If you thought family law was complicated, wait until you hear about a new trend that has swept across 12 states and DC: tri-parenting.
Like its name suggests, tri-parenting is when three parents have legal rights to a child. Most frequently, tri-parenting has been seen in cases where same sex couples have a child with a friend (a sperm or egg donor) who also wants parental rights. It has also been seen in cases with men who want to remain in a parental role after a DNA test shows that another man is the biological father.
Prior to giving three people legal parental status, family courts would designate one of the three parents as a “psychological parent”. However, this would not allow that parent to have legal rights in cases of custody and child support.
Because these cases are so new, there are few legal paths to follow. In most states with cases regarding tri-parenting, families are dealt with on a case by case basis, with no case law to guide the way.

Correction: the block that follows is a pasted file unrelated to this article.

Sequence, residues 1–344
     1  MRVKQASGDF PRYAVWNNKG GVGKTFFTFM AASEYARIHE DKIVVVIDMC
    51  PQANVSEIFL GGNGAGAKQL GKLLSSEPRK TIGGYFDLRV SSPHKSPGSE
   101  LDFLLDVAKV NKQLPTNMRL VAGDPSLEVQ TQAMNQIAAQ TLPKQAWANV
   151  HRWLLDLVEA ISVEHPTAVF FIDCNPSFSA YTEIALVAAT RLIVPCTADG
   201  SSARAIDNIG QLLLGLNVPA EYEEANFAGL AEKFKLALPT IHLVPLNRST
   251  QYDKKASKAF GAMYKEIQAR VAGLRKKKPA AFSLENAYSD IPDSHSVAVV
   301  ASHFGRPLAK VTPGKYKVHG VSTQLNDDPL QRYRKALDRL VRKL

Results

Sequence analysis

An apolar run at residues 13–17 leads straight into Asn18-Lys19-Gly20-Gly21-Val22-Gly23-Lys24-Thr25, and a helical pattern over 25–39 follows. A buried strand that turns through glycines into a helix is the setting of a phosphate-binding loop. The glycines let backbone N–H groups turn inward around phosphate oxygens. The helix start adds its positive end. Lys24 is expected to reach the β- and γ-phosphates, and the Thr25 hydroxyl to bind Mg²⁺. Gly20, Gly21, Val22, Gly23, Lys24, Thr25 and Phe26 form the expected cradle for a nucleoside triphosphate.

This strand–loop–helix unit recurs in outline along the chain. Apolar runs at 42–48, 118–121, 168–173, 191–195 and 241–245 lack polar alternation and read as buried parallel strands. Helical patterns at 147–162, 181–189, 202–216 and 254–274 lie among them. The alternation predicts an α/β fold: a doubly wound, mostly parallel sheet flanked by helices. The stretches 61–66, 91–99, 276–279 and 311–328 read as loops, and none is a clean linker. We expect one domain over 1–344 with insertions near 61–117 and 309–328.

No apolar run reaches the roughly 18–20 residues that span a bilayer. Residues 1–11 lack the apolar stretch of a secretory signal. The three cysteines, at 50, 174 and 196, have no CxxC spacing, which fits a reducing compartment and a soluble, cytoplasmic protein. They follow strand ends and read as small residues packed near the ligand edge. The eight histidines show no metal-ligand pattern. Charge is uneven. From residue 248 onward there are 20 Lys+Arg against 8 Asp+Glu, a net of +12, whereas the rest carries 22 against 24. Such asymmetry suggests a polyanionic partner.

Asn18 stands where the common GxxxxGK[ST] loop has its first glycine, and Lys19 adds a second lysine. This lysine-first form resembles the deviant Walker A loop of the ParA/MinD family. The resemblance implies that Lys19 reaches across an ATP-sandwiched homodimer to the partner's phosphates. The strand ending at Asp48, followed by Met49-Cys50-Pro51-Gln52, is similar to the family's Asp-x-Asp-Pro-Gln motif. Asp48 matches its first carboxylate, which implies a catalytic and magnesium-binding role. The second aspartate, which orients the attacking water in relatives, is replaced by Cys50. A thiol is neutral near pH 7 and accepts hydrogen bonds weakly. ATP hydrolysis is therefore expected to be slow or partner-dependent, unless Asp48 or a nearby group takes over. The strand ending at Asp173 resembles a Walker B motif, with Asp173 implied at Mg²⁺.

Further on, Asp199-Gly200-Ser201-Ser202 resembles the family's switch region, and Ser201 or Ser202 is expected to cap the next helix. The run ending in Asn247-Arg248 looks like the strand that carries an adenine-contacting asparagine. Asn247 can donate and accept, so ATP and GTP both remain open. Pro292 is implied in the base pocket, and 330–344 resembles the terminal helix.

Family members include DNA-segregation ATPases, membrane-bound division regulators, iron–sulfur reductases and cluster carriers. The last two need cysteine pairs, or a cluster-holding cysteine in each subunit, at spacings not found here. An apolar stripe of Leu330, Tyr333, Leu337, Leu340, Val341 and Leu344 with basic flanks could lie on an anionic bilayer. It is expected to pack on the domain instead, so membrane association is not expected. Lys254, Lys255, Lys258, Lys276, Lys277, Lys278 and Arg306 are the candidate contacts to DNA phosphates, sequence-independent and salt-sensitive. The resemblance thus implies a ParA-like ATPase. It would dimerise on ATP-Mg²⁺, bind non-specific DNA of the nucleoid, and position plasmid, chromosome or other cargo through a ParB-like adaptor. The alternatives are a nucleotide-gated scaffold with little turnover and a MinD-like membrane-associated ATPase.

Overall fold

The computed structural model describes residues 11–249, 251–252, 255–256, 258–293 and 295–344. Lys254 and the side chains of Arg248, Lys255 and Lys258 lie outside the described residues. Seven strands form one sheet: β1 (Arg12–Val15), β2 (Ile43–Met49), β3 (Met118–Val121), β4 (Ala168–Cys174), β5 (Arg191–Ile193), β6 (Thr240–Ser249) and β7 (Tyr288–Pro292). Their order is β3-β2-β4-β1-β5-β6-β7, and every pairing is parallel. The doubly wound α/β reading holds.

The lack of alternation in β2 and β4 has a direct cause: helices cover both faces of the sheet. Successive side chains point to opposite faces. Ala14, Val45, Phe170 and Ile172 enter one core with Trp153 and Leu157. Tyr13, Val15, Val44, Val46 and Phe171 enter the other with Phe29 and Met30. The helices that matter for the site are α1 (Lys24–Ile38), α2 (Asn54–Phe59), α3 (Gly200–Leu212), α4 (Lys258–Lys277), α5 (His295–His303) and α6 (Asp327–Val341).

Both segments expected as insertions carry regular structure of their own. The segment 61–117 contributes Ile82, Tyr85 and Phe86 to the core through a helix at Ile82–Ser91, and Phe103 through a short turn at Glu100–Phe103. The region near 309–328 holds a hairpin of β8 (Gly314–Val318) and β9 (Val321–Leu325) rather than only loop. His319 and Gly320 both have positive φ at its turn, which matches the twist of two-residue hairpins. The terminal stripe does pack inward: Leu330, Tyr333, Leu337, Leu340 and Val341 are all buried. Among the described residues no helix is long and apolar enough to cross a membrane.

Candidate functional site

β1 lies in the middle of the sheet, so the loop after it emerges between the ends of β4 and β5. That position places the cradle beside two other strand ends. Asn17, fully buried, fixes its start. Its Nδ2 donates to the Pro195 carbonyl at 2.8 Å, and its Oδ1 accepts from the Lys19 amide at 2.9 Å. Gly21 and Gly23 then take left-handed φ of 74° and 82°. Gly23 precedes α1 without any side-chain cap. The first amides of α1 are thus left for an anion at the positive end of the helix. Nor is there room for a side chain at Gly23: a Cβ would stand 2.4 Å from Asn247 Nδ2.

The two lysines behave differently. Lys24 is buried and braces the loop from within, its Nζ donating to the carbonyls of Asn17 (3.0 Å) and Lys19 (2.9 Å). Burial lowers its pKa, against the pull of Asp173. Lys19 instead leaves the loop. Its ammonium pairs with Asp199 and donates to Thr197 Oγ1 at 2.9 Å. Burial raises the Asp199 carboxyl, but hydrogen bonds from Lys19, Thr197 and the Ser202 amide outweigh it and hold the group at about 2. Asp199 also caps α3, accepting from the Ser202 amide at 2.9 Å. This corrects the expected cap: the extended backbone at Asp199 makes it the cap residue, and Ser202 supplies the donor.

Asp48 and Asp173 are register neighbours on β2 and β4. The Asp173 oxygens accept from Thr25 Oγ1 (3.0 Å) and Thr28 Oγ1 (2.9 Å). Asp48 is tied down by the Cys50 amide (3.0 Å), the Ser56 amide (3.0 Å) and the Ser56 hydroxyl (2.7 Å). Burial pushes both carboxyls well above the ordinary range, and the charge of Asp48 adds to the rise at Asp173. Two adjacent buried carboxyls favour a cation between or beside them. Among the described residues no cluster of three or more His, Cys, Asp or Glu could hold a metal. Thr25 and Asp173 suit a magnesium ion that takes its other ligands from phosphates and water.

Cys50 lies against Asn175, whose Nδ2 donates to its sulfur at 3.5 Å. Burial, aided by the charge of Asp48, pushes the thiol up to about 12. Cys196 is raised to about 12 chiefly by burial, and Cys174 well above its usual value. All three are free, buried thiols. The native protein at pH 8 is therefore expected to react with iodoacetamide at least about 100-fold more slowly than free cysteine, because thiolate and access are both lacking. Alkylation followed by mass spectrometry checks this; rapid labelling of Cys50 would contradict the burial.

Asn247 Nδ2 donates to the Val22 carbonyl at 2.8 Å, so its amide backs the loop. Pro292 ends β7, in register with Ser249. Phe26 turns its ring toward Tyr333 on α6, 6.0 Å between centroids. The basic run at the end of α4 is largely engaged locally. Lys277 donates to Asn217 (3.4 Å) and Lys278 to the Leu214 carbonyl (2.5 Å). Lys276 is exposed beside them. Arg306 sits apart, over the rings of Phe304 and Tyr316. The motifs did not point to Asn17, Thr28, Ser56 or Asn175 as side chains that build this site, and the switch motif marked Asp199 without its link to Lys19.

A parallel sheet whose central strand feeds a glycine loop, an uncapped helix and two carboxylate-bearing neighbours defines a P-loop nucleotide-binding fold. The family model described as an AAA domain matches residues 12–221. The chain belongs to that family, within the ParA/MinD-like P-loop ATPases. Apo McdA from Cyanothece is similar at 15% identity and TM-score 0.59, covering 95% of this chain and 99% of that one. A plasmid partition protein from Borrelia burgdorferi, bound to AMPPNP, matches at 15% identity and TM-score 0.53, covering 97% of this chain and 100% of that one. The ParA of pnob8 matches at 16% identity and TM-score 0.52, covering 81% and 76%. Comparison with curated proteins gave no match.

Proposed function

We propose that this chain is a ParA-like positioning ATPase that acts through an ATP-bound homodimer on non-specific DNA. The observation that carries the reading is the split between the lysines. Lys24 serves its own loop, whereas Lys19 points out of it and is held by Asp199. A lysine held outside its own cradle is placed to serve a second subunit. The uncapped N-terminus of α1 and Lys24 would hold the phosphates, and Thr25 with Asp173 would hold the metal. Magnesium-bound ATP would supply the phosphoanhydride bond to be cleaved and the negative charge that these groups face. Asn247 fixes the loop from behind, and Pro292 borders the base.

Although tri-parenting has had legal success in twelve states, only California and Maine have enacted laws to protect three parent families.
While the children in these cases benefit because they have a larger support system as they grow older, tri-parenting has its critics. Aside from conservative family groups who believe in the “traditional” family model, others believe that having three parents will cause too much chaos and a lack of stability for the child.
Please contact our experienced family law attorneys if you need help with your tri-parenting case, or any other family law case.
Credit: Jayelind Donnelly, intern at Brown, Paindiris & Scott, LLP